Renewed Gun Control Debate: On February 14th, the nation suffered yet another mass shooting at a high school where 17 lives were senselessly taken. However, there is light in another dark moment of our country’s internal battle over gun control – the response from the surviving students. Instead of the usual routine of sending “thoughts and prayers”one day and then back to regular news the next, these kids are fighting back against gun violence and against political complacency. They are taking on news pundits, politicians, and the NRA, and they are having an entire nation reevaluate and redefine its relationship with guns.
Our Takeaways: Regardless of where anyone stands on the issue of gun control, a certain level of respect is owed to these kids since they have been able to break the routine and spark a serious conversation that the country needs to have with itself. As we know, the Second Amendment was adopted on December 15, 1791, as part of the Bill of Rights with the purpose of securing the natural rights of self-defense and resistance to oppression. The issue, although, is that in the more than 200 years since the Second Amendment’s adoption, our technology and our culture has changed substantially, and we have failed to have a productive conversation at each of the crossroads leading up to this moment. The result: on one hand, people believe that increased regulation will end up with their guns being taken away, and on the other hand, kids are being killed at school. Going forward from here, we expect that this debate over gun control will continue and become a key policy issue come the midterms. Where politicians throw their support in this debate today will likely contribute to dramatic shifts in the political landscape in the House and Senate later this year, and perhaps impact the Presidency as well.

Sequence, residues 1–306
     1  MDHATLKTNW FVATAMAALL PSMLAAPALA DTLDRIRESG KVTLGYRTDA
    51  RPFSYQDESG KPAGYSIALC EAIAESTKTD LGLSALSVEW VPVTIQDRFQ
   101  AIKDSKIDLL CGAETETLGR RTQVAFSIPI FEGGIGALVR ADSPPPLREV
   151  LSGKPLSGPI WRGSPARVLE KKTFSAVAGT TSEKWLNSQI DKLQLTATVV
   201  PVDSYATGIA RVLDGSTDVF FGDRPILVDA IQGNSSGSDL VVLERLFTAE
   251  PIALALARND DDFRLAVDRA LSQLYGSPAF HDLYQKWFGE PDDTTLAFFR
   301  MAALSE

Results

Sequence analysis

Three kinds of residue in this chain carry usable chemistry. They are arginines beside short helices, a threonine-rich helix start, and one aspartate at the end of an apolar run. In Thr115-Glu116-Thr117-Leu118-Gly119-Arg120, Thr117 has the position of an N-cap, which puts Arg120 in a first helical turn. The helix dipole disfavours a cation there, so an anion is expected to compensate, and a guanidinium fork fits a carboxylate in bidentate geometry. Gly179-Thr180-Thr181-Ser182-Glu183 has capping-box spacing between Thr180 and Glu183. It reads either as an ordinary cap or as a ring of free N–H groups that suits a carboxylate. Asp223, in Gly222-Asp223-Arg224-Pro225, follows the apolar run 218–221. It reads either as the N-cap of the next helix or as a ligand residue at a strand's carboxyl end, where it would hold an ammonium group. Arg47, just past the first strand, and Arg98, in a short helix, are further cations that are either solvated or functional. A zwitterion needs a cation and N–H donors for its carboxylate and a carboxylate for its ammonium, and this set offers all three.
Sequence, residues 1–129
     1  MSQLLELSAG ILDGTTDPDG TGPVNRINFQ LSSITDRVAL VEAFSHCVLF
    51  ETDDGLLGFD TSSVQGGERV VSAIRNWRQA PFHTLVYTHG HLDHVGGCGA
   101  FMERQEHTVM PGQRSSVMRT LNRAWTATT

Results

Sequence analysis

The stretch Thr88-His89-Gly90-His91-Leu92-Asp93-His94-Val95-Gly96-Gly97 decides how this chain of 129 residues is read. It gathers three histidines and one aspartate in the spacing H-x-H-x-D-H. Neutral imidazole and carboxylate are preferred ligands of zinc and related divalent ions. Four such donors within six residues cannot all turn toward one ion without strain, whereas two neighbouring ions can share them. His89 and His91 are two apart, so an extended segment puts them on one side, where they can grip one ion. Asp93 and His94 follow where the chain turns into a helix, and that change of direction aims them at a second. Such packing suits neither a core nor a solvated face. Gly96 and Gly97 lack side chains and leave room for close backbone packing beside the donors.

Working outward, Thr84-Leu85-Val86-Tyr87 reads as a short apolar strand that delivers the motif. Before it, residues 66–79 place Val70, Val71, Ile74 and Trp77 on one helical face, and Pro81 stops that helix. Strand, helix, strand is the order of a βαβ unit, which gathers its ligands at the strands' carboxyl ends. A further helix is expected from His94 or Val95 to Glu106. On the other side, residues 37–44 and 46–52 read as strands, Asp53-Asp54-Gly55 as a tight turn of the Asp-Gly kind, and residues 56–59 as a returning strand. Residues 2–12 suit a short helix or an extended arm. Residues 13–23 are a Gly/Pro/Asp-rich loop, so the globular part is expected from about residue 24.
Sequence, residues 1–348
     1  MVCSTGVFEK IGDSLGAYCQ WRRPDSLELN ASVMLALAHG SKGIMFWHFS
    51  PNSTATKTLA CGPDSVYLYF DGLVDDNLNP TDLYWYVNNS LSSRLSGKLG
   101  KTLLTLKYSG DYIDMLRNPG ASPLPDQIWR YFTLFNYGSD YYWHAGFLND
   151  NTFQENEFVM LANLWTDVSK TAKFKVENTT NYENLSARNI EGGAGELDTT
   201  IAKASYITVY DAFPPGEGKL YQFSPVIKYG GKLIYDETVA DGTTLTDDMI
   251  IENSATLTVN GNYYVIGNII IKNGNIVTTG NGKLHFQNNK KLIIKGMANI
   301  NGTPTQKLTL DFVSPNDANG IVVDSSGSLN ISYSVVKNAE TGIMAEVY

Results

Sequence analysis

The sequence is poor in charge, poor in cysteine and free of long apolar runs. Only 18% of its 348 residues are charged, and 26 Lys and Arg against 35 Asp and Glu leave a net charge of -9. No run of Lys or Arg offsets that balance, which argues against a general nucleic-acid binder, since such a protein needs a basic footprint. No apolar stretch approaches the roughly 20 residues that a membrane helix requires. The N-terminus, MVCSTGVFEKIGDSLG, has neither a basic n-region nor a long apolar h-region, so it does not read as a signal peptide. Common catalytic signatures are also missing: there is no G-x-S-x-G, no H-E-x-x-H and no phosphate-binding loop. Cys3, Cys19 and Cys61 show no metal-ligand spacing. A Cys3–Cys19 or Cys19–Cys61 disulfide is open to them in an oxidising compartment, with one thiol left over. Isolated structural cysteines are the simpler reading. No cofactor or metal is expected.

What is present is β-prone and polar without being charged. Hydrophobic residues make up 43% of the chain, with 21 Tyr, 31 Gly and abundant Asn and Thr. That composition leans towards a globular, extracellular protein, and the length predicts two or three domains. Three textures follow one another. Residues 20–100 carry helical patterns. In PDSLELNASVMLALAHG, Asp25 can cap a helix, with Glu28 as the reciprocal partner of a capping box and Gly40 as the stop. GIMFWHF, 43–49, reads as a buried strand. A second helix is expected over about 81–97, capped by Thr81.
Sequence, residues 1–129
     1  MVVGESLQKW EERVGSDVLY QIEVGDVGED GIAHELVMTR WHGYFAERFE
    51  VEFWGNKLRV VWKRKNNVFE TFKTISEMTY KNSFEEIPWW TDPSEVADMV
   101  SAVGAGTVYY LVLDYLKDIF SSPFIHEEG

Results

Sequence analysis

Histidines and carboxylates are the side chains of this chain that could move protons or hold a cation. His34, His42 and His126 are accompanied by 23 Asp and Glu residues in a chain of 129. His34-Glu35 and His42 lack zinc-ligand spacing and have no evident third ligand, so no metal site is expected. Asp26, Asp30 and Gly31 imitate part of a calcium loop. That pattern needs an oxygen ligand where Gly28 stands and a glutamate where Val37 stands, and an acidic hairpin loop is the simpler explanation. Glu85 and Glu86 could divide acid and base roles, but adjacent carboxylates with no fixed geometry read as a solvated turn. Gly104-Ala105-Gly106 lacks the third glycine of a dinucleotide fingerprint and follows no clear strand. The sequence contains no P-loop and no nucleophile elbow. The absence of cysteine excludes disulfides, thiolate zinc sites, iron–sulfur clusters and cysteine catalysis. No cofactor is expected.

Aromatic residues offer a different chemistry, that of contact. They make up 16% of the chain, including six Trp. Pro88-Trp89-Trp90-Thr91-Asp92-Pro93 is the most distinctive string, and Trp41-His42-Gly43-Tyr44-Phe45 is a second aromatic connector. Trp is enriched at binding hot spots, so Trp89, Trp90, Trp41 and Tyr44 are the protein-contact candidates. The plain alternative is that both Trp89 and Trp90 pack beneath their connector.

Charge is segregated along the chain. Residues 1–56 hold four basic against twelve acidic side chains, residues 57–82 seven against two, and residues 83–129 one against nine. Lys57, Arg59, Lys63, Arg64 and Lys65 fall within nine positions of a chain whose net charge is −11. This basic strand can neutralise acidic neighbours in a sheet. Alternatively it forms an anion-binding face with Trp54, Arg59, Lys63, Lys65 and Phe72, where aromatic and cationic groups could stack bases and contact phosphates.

Trump’s Turbulent Administration: It’s no secret that Trump’s White House has seen a variety of new faces come and go in the roughly 13 months since he took office. In fact, the turnover rate among top-level positions for the Trump Administration is at a record setting 43%. With this in mind, the core problem here is that the White House is becoming less and less suitable for effectively governing since there are a growing number of vacant positions on top of an already understaffed administration. Conjuring support for policy was already a challenge for Trump, and with an ever shrinking staff to continue that work, the future seems to be growing bleaker by the day.
New Arrival – Jerome Powell (Feb. 5, 2018 - Present): Powell, as mentioned earlier, is the newly appointed Chair of the Federal Reserve who is replacing Janet Yellen. He served as Under Secretary of the Treasury for Domestic Finance under President George H. W. Bush in 1992 and has served as a member of the Federal Reserve Board of Governors since 2012.
New Exit – Rob Porter (Jan. 20, 2017 – Feb. 7, 2018): Porter was the White HouseStaff Secretary who resigned amid multiple allegations of domestic violence (that he denied) from his two ex-wives. Chief of Staff John Kelley reportedly sought Porter’s resignation on March 2, 2018, after learning of the domestic violence allegations.
New Exit – Hope Hicks (Jan. 20, 2017 – Feb. 28, 2018): Hicks was Trump’s longest serving aid, first serving as the Director of Strategic Communications and then was later appointed as the Communications Director on August 16, 2017, after Sean Spicer (January 20, 2017 – March 6, 2017 & June 2, 2017 – July 21, 2017) and Anthony Scaramucci (July 21, 2017 – July 31, 2017) exited. Her resignation was announced the day after being interviewed by the House Intelligence Committee.